Most of my friends and yoga clients know that I have a couple of autoimmune issues. In 2014 I was diagnosed with both Celiac and Sjogren’s. Getting diagnosed was not a smooth or linear process and I’ve learned that living with these two issues can be challenging. I believe the body has incredible healing powers and I was determined to “heal thyself” and was confident my body could and would return to baseline. I committed to a clean diet and started eating lots of fresh fruits and vegetables. I learned new ways of managing stress. I began meditating. I read everything I could on both conditions. I learned to live without gluten, which on many levels is easier said than done. Since 1996 I have practiced yoga and I have taught since 2010. When I was finally diagnosed, I couldn’t even make it through a yoga class, much less teach one. As a long time yoga practitioner and a yoga teacher, it was depressing, not to mention embarrassing. My fatigue was off the charts and overall, I was discouraged and really just felt like hell.
I found a yin yoga class and started going 2-3 times a week. The class was gentle, and the teacher was (and still is) friendly— she is one of those people that you can “hear” smiling. Slowly, through my yoga practice, through healthy foods, and through lots of sleep, my body began to heal– I was stronger and my fatigue was fading. I had the support of my husband and most of my family members, which I’ve learned is not typical. I slowly started to have more good days than bad ones. I didn’t hit the fatigue wall (if you have Sjogren’s or any type of chronic condition you know about the fatigue wall) every single day. Almost a year later I started teaching a couple of classes a week. My classes were small by design and my focus was on honoring the body — wherever the body is– that is one of the beautiful things about yoga, it always meets us right where we are.
What didn’t happen was that my body never “healed” itself. Despite my best efforts, I still have Celiac and I still have Sjogren’s.
Recently, I ended up sick– really sick, with something that resembled the flu. I didn’t test positive for the flu but even my doc said it looked like the flu–the bad, put your a$$ in the hospital kinda flu. Whatever it was, it threw me into a significant autoimmune flare and my constant companion, Sjogren’s, showed up with a vengeance. My esophagus and my lungs were incredibly dry. I had to coat my esophagus with honey before I could swallow anything. It felt like someone was standing on my chest and also like someone was standing between my ribcage and my lung. I developed pleurisy. Yup, pleurisy– that 18th-century thing. I had never even heard of it. Thanks to an open-minded doctor and a little bit of deductive reasoning, he said he felt like the Sjogren’s was the underlying condition– and sent me home to start back on my supplement and holistic regimen. I had to cancel all of my yoga classes because there was no way I could breathe, talk, and move all at the same time– much less for an hour at a time.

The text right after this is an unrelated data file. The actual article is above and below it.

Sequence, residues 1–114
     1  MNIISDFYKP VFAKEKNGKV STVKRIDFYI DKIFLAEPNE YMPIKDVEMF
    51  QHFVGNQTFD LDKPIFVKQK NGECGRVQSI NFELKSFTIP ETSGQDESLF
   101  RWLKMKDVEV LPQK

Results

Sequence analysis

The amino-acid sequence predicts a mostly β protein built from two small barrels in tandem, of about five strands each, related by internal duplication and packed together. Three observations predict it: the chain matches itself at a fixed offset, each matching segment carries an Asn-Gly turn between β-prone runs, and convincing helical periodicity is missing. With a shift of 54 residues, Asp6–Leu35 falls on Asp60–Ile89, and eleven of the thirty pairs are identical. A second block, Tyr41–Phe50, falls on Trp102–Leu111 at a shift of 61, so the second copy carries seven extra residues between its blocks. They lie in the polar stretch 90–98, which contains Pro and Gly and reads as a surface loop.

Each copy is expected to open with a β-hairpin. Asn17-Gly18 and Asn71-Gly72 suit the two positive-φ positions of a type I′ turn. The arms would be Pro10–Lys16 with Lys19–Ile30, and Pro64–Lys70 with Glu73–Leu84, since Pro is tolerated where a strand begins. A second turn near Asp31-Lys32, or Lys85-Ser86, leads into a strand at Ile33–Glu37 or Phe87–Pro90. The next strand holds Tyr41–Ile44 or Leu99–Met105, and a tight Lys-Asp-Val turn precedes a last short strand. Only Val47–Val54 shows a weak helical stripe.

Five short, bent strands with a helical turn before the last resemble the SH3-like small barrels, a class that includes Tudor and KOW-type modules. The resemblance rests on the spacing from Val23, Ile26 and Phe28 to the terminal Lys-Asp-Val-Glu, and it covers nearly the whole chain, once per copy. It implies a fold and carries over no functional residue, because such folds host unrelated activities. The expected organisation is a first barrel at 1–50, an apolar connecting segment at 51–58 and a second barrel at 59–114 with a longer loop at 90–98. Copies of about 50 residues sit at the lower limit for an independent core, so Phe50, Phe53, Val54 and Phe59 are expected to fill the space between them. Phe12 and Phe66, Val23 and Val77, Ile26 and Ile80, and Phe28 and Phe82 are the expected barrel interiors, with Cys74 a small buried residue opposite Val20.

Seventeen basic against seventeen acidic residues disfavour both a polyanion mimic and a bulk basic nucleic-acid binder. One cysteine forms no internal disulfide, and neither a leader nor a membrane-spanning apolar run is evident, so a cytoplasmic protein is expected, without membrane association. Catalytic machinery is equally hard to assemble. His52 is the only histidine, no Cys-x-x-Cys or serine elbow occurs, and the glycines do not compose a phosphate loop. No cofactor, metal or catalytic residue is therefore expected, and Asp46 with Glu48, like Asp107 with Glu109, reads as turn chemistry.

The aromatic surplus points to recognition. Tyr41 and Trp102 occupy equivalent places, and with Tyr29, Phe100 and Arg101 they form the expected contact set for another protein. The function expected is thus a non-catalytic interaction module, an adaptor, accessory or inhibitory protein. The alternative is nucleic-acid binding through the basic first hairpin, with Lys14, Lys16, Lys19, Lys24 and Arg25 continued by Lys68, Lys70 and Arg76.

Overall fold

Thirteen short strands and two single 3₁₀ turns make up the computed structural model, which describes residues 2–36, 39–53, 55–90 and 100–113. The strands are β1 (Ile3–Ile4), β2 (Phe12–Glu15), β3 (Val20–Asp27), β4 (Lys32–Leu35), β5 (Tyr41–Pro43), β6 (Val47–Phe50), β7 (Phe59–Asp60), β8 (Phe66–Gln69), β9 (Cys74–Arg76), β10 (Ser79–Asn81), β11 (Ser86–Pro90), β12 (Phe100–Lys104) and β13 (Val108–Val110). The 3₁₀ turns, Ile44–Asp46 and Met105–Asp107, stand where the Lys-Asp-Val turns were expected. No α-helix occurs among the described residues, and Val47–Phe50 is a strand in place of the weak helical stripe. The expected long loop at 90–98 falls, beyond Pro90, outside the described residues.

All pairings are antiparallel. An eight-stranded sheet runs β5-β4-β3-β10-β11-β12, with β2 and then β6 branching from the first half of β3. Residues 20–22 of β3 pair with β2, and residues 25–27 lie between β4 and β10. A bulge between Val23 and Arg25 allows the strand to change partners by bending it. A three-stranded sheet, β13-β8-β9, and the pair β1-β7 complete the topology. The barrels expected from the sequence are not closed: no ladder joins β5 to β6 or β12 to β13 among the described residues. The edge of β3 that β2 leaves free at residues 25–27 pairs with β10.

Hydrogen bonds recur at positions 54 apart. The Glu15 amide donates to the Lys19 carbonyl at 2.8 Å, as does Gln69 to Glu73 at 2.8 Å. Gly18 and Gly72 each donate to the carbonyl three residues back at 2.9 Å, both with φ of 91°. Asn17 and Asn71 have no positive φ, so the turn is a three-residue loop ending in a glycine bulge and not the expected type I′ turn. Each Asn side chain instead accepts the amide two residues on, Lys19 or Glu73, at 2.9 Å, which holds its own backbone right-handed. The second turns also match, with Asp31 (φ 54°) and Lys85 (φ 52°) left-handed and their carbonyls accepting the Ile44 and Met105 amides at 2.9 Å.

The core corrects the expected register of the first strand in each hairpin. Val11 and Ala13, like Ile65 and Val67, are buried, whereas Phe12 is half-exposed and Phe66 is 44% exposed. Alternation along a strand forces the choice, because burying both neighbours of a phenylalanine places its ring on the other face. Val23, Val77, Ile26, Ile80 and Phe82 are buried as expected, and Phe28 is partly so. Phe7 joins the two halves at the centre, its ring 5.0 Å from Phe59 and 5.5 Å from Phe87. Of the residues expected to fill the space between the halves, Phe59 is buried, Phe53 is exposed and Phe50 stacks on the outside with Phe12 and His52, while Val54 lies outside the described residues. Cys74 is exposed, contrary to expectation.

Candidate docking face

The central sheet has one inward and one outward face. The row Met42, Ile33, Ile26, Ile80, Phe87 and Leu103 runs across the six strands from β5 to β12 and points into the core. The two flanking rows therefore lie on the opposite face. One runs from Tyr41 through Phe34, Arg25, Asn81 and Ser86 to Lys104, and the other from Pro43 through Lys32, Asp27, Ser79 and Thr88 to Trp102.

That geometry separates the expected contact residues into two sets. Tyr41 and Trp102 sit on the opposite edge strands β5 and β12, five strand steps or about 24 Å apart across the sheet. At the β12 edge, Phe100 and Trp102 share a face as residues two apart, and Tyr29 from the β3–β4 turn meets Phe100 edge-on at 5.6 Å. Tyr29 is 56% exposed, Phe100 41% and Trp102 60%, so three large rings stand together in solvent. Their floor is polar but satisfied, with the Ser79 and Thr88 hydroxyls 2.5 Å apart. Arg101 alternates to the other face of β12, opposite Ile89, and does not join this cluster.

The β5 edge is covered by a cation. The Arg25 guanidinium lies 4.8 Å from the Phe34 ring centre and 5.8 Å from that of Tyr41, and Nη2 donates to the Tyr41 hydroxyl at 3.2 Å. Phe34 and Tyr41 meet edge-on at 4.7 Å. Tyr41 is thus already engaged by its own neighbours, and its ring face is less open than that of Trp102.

I’m grateful for my committed group of yogi’s– they love me and stick with me through the bumps and bruises. No one sends me hate email that I’m running a yoga business yet I cancel classes or that I forgot to put them on the email cancellation list. (Yes, it happened and yes, I’m still mortified.) Instead, almost every day, I receive love and encouragement– calls, texts, emails, even a breath-taking bouquet of fresh flowers. I feel the yoga love and despite the fact that my body doesn’t work like I want it to–my gratitude is off the charts. Instead of beating myself up, I have opened myself up. I’m living with less shame and perfectionism and my focus has shifted to living with more acceptance that life isn’t a linear process and gratitude always trumps negativity.
Today, I accept the fact that I have Celiac and I have Sjogren’s and probably always will. I run into people every day who think “the gluten issue is a fad” and “a little bit won’t hurt” and who believe autoimmune issues are all in someone’s head. I don’t have the energy to even waste on that type of thinking.
I look forward to teaching all of my classes again soon and knowing that our little yoga community, bruises, bumps, limitations, and all, we can and will celebrate what IS working and not what isn’t. Today, I appreciate and celebrate the beautiful gift of life. My heart is full of gratitute and I can’t wait to get back to sharing practice with my yoga friends.